Yes, I know what is in the Constitution. I know that only the Congress has the power to declare war. But I also have watched over the last three decades as President after President has used American military force without a vote in the Congress.
And that seems like it could happen again in coming days with regards to Syria.
“Article 1, Section 8 of the Constitution gives Congress — not the President — the power to declare war,” said Rep. Thomas Massie (R-KY), as he and other Republicans demanded a vote in the House and Senate before any action is taken over Syria’s use of chemical weapons.
Another Republican, Rep. Justin Amash (R-MI), said it would be “unquestionably unconstitutional” for the President to act without Congressional authorization.
“The War Powers Act is clear,” Amash said on Tuesday.
But that argument is not new, and has not exactly stopped Presidents in the past from acting before the Congress votes.
“To be sure, weapons of mass destruction are a 20th century horror that the Framers of the Constitution had no way of foreseeing. But they did foresee the frailty of human nature and the inherent danger of concentrating too much power in one individual. That is why the Framers bestowed on Congress, not the President, the power to declare war,” one Democratic Senator said eleven years ago.
That was Sen. Robert C. Byrd (D-WV) in 2002, weighing in against President George W. Bush’s plan to strike Iraq.
Congress did vote for a “use of force authorization” for the two wars against Iraq, as well as the post 9/11 fight in Afghanistan – but those weren’t a “declaration of war” as envisioned under the Constitution.
The U.S. Congress has only officially declared war five times – 1812 against the British, 1846 for the Mexican-American War, 1898 for the Spanish-American War, World War I and World War II.
Since World War II, the Congress has been on the sidelines while the Commander in Chief – from both parties – has pressed U.S. military forces into action without Congressional consent in a number of situations – Lebanon, Grenada, Libya, Panama, Bosnia and Serbia come to mind.
While a few lawmakers have uniformly opposed the use of U.S. military force by Presidents of both parties, more often than not there is a political angle to how Congress reacts – if the President is not in your party, then you are more likely to question that military decision.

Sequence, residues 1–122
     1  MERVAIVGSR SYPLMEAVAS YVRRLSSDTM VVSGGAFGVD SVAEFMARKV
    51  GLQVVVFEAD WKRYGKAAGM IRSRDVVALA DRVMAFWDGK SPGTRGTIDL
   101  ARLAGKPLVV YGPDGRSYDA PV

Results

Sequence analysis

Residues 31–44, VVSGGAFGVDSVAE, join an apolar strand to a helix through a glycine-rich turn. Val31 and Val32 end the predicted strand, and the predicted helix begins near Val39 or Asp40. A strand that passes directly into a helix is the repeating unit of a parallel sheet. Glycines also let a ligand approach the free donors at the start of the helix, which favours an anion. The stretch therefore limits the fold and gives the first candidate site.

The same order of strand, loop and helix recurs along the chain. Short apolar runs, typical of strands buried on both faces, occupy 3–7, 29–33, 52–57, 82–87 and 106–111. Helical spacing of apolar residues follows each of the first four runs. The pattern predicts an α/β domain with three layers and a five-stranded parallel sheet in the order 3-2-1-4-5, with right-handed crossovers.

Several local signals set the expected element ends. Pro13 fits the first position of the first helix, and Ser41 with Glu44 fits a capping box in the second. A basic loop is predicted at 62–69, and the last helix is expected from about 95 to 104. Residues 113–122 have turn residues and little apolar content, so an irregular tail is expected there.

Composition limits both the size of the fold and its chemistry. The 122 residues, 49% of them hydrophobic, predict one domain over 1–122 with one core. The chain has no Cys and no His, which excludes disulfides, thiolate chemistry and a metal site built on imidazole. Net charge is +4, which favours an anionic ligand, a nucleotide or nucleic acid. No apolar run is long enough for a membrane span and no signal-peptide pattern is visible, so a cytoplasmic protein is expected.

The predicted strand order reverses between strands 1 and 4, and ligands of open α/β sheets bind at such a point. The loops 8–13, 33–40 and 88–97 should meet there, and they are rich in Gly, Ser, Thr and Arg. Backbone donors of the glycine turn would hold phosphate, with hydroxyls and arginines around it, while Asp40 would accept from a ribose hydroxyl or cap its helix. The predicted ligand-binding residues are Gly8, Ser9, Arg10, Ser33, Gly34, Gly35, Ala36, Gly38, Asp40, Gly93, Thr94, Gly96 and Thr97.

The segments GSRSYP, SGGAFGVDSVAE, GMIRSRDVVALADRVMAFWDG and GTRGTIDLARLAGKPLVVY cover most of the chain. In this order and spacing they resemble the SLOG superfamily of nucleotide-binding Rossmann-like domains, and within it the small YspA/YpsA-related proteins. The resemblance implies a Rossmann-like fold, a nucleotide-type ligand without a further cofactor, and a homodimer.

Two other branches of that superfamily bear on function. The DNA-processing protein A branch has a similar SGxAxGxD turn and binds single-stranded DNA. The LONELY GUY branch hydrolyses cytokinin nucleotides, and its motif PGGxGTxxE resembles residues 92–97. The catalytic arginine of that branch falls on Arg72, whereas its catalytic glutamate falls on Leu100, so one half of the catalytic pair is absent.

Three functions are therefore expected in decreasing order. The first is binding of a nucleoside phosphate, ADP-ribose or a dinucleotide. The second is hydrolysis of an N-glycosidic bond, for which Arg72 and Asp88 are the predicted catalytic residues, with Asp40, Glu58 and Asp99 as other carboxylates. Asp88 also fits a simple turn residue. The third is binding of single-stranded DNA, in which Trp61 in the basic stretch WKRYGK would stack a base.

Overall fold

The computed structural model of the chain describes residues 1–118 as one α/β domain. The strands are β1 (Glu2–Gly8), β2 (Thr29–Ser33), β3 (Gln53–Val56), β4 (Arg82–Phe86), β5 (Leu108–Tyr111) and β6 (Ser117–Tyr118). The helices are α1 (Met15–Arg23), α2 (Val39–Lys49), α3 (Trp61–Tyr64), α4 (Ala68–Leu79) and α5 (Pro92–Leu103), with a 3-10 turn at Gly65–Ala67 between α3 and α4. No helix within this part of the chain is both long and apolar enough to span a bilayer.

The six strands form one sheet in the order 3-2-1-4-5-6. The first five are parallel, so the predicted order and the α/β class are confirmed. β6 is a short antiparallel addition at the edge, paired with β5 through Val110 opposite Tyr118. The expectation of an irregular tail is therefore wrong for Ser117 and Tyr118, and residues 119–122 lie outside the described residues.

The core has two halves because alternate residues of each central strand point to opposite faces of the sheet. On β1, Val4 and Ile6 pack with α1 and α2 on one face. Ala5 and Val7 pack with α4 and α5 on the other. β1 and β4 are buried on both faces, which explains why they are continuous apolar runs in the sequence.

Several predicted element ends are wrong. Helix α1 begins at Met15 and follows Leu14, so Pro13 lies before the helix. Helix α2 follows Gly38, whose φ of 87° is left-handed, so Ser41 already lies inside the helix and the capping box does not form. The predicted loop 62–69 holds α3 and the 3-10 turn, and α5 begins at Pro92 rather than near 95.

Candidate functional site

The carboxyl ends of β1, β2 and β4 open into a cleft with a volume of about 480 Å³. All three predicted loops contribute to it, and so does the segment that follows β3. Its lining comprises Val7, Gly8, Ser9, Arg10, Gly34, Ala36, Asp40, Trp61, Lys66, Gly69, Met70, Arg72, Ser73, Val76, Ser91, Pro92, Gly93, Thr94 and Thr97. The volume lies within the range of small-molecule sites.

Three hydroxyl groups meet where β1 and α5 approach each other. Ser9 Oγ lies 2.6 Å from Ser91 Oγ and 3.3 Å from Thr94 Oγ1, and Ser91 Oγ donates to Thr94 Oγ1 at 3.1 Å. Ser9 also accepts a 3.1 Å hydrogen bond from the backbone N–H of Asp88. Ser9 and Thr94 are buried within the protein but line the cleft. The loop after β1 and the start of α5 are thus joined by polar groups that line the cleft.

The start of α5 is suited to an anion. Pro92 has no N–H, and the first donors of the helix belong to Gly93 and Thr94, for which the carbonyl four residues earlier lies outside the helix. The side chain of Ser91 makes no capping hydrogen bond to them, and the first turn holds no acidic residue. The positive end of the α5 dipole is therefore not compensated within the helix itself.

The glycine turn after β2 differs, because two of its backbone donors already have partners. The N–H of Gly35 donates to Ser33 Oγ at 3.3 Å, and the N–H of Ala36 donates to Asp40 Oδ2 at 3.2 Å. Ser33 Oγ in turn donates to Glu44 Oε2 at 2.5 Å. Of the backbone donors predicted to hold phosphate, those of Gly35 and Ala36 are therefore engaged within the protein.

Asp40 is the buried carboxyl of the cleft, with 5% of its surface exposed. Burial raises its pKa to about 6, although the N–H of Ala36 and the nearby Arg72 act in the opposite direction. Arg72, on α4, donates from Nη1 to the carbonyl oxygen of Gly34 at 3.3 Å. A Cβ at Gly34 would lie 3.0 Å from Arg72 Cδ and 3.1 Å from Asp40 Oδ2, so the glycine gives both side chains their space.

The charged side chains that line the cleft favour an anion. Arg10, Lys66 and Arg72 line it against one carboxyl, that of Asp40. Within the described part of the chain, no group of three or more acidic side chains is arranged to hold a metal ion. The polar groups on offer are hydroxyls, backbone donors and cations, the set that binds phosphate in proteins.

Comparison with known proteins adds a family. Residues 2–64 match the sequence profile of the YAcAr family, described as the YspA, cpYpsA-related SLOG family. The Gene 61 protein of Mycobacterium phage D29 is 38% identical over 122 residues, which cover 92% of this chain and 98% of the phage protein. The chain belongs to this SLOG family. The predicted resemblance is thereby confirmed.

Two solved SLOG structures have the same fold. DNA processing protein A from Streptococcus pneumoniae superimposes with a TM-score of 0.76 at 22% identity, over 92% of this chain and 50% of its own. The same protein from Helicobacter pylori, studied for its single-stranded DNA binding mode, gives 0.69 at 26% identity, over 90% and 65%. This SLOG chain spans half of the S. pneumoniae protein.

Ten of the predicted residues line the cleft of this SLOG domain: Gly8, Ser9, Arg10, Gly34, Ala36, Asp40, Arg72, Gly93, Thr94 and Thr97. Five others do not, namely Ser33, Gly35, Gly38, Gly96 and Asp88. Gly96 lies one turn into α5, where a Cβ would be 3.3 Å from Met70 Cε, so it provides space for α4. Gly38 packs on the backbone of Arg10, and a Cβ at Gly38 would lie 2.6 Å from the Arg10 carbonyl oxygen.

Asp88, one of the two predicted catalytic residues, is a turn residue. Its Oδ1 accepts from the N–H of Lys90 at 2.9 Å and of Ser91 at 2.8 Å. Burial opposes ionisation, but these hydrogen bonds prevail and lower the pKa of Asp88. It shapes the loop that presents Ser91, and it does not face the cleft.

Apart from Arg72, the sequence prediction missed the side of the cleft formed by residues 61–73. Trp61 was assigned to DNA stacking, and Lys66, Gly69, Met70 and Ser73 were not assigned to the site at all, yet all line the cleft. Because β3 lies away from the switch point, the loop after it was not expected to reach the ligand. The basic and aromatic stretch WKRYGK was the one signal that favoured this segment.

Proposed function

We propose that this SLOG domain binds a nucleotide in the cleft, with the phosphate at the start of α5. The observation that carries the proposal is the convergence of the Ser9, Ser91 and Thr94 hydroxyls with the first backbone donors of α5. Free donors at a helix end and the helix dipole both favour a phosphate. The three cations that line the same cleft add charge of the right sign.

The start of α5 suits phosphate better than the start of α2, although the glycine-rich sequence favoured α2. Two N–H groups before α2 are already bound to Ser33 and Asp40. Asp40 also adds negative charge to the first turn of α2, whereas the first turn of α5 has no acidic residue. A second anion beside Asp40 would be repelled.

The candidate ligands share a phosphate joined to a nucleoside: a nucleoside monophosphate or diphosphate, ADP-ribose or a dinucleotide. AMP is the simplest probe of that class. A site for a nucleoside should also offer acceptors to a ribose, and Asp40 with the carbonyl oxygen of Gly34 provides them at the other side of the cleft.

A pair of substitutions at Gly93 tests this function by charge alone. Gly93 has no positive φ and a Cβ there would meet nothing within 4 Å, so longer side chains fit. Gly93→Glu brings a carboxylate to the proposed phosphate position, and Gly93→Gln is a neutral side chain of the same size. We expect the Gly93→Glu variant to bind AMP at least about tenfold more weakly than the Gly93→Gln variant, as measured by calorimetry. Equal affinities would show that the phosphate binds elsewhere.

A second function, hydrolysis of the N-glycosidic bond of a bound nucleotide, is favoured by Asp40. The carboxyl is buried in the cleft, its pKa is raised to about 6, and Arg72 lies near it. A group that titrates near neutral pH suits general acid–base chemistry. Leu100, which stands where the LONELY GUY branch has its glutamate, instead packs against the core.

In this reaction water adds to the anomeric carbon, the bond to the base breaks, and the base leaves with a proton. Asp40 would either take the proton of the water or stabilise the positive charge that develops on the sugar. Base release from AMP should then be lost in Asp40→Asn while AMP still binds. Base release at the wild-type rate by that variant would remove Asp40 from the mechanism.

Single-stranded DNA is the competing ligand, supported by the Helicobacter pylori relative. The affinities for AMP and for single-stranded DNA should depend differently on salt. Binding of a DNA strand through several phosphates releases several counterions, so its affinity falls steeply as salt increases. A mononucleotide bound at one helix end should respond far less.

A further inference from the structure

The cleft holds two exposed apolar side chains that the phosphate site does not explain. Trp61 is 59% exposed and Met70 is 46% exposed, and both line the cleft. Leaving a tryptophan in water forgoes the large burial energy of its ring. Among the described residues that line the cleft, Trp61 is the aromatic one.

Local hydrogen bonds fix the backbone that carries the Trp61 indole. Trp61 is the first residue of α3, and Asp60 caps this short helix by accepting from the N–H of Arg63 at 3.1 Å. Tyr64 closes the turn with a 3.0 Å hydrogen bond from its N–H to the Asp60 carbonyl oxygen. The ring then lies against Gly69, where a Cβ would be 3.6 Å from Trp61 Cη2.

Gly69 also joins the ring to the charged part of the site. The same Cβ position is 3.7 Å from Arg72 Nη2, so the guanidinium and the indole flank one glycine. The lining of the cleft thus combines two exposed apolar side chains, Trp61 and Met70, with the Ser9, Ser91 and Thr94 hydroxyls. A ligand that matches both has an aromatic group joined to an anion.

Just look at past statements of both President Obama and Vice President Biden – when they were Senators and Republicans held the White House, they held a slightly different view of whether the Congress should get a vote before the Executive uses military force.
“The President does not have power under the Constitution to unilaterally authorize a military attack in a situation that does not involve stopping an actual or imminent threat to the nation,” Sen. Obama told the Boston Globe during the 2008 campaign.
Back in June of 2011, after the U.S. had given military assistance to rebels in Libya, the President was asked at a news conference if he felt like that action had violated the War Powers Act, and was therefore an unconstitutional exercise of power; Mr. Obama said no.
“Now, when you look at the history of the War Powers resolution, it came up after the Vietnam War in which we had half-a-million soldiers there, tens of thousands of lives lost, hundreds of billions of dollars spent — and Congress said, you know what, we don’t want something like that happening again. So if you’re going to start getting us into those kinds of commitments you’ve got to consult with Congress beforehand.
“And I think that such consultation is entirely appropriate. But do I think that our actions in any way violate the War Powers resolution? The answer is no. So I don’t even have to get to the constitutional question. There may be a time in which there was a serious question as to whether or not the War Powers resolution — act was constitutional. I don’t have to get to the question.
“We have engaged in a limited operation to help a lot of people against one of the worst tyrants in the world — somebody who nobody should want to defend — and we should be sending a unified message to this guy that he should step down and give his people a fair chance to live their lives without fear. And this suddenly becomes the cause célèbre for some folks in Congress? Come on.”
While Speaker John Boehner said this week that “meaningful consultation should happen before any military action is taken,” the truth is that Congress has evolved into a bit player, standing on the sidelines as Presidents consider military action.
Whether that’s right or wrong isn’t really the issue – it’s where things are right now for lawmakers, no matter what the Constitution says.
In the end, the Congress has the power of the purse, and can deny funds for certain military operations – but that is unlikely to happen.